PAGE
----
The beauty of simple rules is that it imposes constraint or some sort of structure (while avoiding rigidity to have rooms for improvement and exploration) to dynamic and hard to predict situations with limited information.

Simple rule produces better decisions

Simple rules are able to make better decisions very fast with reasonable accuracy. Simple rules focus on the key factors or the root cause of problems and do not need to “stop” to consider many details or factors that are not so important to the problems.

Simples rules are kind of rule of thumbs: Short, clear and easy to remember and apply. Simple rules cause people more likely to act on their decisions, because the rules are easy to remember and much less complicated to follow than complex guidelines for action.

That is, we can say simple rules are practical approaches that are NOT extremely accurate in all type of situations, but are accurate for specific well-define problem.

Simple rules avoid overfitting on historical data!

Very often, complicated rules or models are made from analysing too much historical data with little knowledge of cause-effect relation and too little knowledge at hand. Hence, the complex rule or model will overfit the historical data but are not a good future predictor.

Simple rule promotes collective behaviors

Any single entity, let say a person, in this world has a very limited capacity. A single person cannot build a 100-stair sky scrapper. This single entity can produce something that is beyond its capability when the entity cooperate together.

Simple rules can be the way to coordinate entities to work together to achieve common goals. With simple rule, common understanding of how to or procedure can be understood by all entities.

Let us take an example from bee colonies. When we see a beehive, we think that the hive is well designed with complex engineering calculations.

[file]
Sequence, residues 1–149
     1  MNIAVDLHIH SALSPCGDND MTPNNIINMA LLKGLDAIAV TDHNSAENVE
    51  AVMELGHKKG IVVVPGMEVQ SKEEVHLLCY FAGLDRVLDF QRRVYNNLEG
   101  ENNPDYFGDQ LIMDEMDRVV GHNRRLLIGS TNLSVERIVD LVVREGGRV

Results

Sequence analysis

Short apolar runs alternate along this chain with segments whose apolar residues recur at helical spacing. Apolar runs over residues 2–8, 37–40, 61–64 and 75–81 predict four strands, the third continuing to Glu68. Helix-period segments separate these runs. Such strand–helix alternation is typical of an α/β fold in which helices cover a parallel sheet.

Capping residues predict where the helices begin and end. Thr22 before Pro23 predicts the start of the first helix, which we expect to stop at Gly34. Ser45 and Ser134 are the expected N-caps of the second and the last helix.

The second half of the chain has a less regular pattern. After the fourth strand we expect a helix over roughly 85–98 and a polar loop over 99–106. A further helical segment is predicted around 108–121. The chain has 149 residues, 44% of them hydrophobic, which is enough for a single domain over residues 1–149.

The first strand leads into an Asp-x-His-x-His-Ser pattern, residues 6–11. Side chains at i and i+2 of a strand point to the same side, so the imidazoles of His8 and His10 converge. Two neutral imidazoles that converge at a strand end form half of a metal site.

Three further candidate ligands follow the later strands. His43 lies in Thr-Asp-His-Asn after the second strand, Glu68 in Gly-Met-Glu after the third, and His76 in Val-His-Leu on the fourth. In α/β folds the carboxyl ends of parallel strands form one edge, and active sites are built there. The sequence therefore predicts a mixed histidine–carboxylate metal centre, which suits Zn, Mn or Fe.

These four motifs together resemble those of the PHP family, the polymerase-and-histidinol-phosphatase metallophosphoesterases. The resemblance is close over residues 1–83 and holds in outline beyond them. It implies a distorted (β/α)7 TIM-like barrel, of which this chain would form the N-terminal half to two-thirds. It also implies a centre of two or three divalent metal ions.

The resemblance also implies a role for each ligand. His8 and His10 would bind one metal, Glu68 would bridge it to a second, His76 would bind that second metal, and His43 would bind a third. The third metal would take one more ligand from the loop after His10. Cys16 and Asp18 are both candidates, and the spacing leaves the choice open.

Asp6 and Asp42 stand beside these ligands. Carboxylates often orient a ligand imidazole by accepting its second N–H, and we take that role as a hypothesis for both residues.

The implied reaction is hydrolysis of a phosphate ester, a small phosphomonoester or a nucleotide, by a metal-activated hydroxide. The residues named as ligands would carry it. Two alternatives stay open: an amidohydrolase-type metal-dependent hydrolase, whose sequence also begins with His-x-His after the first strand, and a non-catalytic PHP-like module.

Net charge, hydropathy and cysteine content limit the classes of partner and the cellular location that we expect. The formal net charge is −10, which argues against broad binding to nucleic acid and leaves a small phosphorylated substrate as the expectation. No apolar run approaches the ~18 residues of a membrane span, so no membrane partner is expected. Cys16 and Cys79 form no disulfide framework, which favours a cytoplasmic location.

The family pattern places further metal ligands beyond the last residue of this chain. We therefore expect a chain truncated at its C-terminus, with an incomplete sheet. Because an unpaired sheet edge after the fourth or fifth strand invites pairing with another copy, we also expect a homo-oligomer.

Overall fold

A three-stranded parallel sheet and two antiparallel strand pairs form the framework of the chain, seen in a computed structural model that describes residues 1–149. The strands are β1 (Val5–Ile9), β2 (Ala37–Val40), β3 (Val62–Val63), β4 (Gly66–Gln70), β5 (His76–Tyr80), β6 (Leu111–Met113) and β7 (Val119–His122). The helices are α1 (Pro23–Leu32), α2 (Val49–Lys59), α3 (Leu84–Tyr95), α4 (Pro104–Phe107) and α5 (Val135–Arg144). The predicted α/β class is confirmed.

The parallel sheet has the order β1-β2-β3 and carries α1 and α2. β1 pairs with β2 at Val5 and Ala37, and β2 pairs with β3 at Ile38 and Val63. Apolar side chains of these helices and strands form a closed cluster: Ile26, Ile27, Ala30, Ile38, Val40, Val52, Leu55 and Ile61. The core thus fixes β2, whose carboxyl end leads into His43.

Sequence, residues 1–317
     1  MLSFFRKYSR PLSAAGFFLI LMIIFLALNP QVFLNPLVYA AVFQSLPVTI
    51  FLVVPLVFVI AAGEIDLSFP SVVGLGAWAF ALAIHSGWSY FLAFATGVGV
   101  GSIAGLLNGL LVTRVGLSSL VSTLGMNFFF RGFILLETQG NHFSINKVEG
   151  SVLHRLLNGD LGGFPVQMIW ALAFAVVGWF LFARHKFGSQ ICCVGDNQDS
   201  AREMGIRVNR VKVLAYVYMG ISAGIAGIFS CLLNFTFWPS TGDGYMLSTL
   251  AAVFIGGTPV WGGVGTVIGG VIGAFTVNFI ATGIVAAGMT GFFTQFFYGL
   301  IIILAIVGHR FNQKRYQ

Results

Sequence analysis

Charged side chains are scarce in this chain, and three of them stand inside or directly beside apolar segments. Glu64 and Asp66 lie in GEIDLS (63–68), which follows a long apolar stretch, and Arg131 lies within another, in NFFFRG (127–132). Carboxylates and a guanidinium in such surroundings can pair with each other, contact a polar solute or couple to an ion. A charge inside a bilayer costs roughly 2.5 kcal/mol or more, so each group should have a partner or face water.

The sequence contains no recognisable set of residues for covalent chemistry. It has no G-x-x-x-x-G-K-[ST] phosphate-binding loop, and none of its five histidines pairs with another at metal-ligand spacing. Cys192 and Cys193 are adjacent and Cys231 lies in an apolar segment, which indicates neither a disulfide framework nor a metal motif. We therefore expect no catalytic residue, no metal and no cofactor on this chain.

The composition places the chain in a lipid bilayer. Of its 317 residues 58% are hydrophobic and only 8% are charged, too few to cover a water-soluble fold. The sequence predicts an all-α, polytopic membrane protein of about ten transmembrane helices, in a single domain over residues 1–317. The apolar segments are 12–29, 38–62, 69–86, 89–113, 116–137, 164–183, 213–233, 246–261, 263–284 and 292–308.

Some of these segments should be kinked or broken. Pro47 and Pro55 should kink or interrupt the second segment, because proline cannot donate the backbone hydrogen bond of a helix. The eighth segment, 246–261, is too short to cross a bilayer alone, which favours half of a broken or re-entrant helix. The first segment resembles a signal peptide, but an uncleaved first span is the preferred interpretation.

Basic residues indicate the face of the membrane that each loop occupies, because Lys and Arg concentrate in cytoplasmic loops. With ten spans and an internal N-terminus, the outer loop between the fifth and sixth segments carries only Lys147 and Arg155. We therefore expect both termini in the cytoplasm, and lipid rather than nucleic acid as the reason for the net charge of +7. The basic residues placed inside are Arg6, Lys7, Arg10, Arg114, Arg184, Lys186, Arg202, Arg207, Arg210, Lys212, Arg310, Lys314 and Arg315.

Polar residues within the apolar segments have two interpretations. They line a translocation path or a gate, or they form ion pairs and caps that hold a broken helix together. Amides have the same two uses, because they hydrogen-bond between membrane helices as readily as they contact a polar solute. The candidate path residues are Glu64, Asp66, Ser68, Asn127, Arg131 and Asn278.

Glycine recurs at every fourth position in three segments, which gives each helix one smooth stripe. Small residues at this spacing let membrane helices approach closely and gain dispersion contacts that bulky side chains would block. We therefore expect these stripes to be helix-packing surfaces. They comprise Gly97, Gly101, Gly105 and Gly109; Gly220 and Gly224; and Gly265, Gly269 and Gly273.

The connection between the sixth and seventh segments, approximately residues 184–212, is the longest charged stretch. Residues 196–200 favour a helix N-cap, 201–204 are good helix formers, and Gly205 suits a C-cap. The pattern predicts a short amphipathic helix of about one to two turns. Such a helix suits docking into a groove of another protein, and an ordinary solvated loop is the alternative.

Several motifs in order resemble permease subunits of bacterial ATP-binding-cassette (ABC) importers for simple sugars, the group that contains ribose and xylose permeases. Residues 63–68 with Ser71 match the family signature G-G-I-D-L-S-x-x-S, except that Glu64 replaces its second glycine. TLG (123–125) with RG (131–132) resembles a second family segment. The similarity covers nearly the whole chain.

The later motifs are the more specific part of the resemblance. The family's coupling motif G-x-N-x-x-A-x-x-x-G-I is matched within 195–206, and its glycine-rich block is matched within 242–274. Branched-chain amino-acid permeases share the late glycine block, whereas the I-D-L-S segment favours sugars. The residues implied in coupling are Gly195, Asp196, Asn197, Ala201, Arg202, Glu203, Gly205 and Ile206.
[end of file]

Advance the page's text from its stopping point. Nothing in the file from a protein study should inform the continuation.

No it is not! A bee colony and the beehive emerge from many bees that work together in a synchronised manner. The bee colony starts from searching a place to make the colony. Of course the place should be safe and close to food sources.

To explore a new place and build a colony, bees only follow simple rules: (1) many scout bees will explore all possible places, (2) bees will “dance longer” when finding a better site than other sites, (3) other bees just follow the “dancing bee” that has found a good place and other bees will keep exploring other possible sites.

The rules above allows scout bees to have general guidance in exploring new sites while allows them to explore unexpected opportunities. With the rules, no bees will visit the same site twice! By following the rule, all bees can make better decisions than a single bee can make.

These simple rules of bees to find a new site for building a colony have been formulated into a scientific algorithm to find optimum solution of various kinds of optimisation problem in engineering and sciences. The algorithm is called “artificial bee colony (ABC)” algorithm.


In this post, we have discussed about simple rules. Simple rules are effective when we apply them to a well-define activity to solve the root cause or the bottle-neck of a problem.

Simple rules are at the middle of two situations: no rule at all and too many rules to follow. Both situations of no rule at all and too many rules will be chaotic so that goals cannot be achieved.

Simple rules work because they can impose constraints to avoid chaotic situations while providing flexibility, they can produce better decisions and they can promote collective actions.

Effective simple rules can greatly improve our activities and solve problems, such as scientific research.

Remember, in any problems, most likely the main causes are only a handful factors. By applying simple rules to the main causes, we can effectively solve the problem and navigate via a chaotic or problematic situations.

Finally, it is worth to note that simple rules are specific for certain situations and person conditions and cannot be generalised to all situations.

We recommend the book of Prof. Eisenhardt about “Simple rules: How to thrive in a complex world” that inspires this post.

In addition, We also recommend books “Deep Work: Rules for Focused Success in a Distracted World” about how to do work that give big results by Cal Newport.